The gratuitous hype surrounding the release “Black Panther” is still high, much of the press elevating it to the greatest boon for black Americans since Martin Luther King. This may justifiably make one’s eyes roll, but the film itself ranks among the best of the Marvel Cinematic Universe and is likely to surprise anybody worried about it being a left-wing hectoring session.
The film tells the story of T’Challa, the newly crowned king of the fictional African country Wakanda. Though to the rest of the world Wakanda looks like an impoverished African nation, its third world appearance is an illusion created by the valuable metal vibranium. Deposited by a meteorite that struck Africa, vibranium has made Wakanda the most advanced civilization in the world, producing the most state-of-the-art weaponry, medicine and technology that shields the nation with an illusion of an impassable forest.
As Wakanda is isolated from the rest of the world, it was never colonized by foreign powers. Though this flags up the questionable idea that the plights of African countries are purely the fault of colonialism, it’s not the heart of the movie.
Instead, “Black Panther” concludes with a good message against isolationism, a conclusion T’Challa reaches as he combats Erik “Killmonger” Stevens, a villain driven by vengeance and black supremacy. Born in Oakland to a Wakandan father, Killmonger believes Wakanda’s technology should be used to help the black diaspora rise against its historical oppressors and in turn oppress them. Also harboring a personal vendetta for something T’Chaka, T’Challa’s father, did to his father, Killmonger sets out to Wakanda to challenge T’Challa for the throne and set his conquest in motion.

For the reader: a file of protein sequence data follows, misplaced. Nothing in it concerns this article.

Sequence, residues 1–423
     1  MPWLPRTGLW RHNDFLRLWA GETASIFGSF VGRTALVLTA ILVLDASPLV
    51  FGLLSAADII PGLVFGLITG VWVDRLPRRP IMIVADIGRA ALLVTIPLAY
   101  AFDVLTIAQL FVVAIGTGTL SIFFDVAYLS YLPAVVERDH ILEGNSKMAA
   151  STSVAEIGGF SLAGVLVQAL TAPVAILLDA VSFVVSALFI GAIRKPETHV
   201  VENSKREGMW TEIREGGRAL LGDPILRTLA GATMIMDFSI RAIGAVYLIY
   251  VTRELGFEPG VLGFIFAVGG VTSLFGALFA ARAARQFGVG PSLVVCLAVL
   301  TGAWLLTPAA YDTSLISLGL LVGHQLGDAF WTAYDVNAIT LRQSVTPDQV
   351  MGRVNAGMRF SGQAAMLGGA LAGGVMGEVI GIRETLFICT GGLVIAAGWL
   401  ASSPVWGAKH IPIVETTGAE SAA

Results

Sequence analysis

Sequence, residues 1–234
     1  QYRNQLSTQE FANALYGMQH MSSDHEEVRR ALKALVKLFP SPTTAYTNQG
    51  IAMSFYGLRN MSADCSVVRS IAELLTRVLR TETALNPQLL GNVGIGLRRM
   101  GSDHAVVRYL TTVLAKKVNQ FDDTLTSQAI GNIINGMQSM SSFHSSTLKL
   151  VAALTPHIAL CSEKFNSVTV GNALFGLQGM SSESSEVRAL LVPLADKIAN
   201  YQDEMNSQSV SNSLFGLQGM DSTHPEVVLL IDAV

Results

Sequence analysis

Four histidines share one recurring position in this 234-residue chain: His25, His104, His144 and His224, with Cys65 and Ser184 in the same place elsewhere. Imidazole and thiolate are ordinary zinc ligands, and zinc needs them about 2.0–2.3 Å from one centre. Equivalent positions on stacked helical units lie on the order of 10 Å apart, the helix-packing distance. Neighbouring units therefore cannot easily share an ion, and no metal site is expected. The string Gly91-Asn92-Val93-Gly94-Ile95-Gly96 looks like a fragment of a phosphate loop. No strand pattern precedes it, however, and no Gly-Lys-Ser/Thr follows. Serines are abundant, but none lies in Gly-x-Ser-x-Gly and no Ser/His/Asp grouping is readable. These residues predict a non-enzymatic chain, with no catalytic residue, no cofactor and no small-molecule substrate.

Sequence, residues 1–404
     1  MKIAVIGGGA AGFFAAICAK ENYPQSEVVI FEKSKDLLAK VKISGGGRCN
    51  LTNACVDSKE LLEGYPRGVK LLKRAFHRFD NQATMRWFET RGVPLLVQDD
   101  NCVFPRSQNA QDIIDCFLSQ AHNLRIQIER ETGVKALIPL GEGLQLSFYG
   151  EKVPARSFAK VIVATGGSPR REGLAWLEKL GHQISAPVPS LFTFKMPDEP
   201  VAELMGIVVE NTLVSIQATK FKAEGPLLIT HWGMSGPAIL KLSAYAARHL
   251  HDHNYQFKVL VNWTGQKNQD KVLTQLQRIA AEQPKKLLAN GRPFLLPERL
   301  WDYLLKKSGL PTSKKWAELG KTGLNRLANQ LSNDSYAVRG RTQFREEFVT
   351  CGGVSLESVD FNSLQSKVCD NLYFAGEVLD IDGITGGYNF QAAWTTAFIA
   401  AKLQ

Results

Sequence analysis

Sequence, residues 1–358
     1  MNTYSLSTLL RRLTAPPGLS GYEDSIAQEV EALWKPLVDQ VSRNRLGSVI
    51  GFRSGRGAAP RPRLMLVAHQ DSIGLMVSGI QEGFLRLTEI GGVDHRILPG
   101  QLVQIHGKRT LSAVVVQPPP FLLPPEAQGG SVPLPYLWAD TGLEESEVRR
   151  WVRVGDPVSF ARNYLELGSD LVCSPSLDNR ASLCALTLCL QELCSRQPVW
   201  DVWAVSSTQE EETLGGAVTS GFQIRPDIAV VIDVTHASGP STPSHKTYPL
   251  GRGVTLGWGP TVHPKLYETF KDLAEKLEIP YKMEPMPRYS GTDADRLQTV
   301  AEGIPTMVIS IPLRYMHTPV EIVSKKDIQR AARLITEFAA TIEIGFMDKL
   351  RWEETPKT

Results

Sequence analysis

Though some publications have overblown “Black Panther” into a revolutionary cultural moment, their claims that it’s the best film in the Marvel Cinematic Universe are debatably true. With a well-structured script containing a satisfying narrative arc, director Ryan Coogler and his co-writer Joe Robert Cole display some of the best character development in the MCU. Killmonger’s is one of the franchise’s strongest villains with motivations that feel both grand and personal. Though driven by hatred, Coogler shows how one of T’Chaka’s failures caused a trauma that instilled hatred in Killmonger. This in turn provides T’Challa with an arc of learning from his father’s mistakes to become the king he was meant to be.
While Chadwick Boseman certainly succeeds in acting regal, tough, and vulnerable as King T’Challa, Coogler regular Michael B. Jordan is more charismatic and conveys as wide a range of emotion playing Killmonger. When watching, one sometimes wishes he were the lead. Having successfully worked with Coogler twice before on “Fruitvale Station” and “Creed,” Jordan’s command of the screen here suggests that he not only has chemistry with the other actors, but his director as well.
Despite its narrative strengths, “Black Panther” may be relatively light on action for some tastes. The action scenes are merely decent for an MCU entry, but Coogler shows great visual flare in his rendering of Wakanda. Everything from the pan-African costumes to the futuristic cityscapes are captured with affectionate detail and texture, creating a world more memorable than others within the MCU.
The unctuous praise heaped on “Black Panther” before, during, and after its release has put it in danger of already becoming overrated, but that shouldn’t deter one from seeing it. It is one of those movies you’re not allowed to dislike, but it’s not a problem because I imagine most will genuinely like it.
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